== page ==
Wastewater Collection and Treatment Systems
Wastewater systems collect and dispose of household wastewater generated from toilet use, bathing, laundry, and kitchen and cleaning activities. Any structure with running water, such as a house or office, must be connected to one of the following wastewater disposal systems:
- Centralized systems are public sewer systems that serve established towns and cities and transport wastewater to a central location for treatment.
- Decentralized systems do not connect to a public sewer system. Wastewater may be treated on site or may be discharged to a private treatment plant.
Large-scale public sewer systems (municipal wastewater treatment plants) are centralized systems. These systems generally serve established cities and towns and may provide treatment and disposal services for neighboring sewer districts.
Where appropriate, centralized systems are preferred to decentralized systems, as one centralized system can take the place of several decentralized systems. Centralized systems are more economical, allow for greater control, require fewer people, and produce only one discharge to monitor instead of several. However, decentralized systems can be useful, and this option should be evaluated on a case-by-case basis.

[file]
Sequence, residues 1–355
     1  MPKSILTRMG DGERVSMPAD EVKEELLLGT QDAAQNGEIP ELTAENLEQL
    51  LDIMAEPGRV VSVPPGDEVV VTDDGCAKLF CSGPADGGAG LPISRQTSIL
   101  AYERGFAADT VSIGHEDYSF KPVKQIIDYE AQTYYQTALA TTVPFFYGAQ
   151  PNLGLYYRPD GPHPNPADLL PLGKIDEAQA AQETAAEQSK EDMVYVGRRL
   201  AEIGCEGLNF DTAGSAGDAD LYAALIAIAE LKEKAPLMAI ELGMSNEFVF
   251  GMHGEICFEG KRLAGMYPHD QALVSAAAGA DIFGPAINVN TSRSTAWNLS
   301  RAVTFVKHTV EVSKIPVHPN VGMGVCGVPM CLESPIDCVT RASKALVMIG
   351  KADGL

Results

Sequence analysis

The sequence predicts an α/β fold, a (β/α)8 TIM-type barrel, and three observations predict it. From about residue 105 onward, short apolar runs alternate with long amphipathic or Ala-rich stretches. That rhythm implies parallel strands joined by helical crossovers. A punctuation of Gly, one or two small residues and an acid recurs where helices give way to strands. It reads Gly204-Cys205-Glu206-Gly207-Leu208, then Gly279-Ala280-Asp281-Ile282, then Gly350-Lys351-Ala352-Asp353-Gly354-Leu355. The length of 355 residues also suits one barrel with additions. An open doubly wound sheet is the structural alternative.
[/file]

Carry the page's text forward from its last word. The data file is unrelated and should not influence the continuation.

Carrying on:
Homes and other buildings that are not served by public sewer systems depend on decentralized septic systems to treat and dispose of wastewater. Most decentralized systems are on-site systems (wastewater is treated underground near where it is generated). On-site systems are the most common wastewater treatment system used in rural areas. These systems can be a single septic system and drainfield serving one residence or a large soil absorption system serving an entire subdivision.
Wastewater in decentralized systems can also be treated by a small, private wastewater treatment plant. These plants can have similar treatment processes and equipment as centralized systems but on a smaller scale.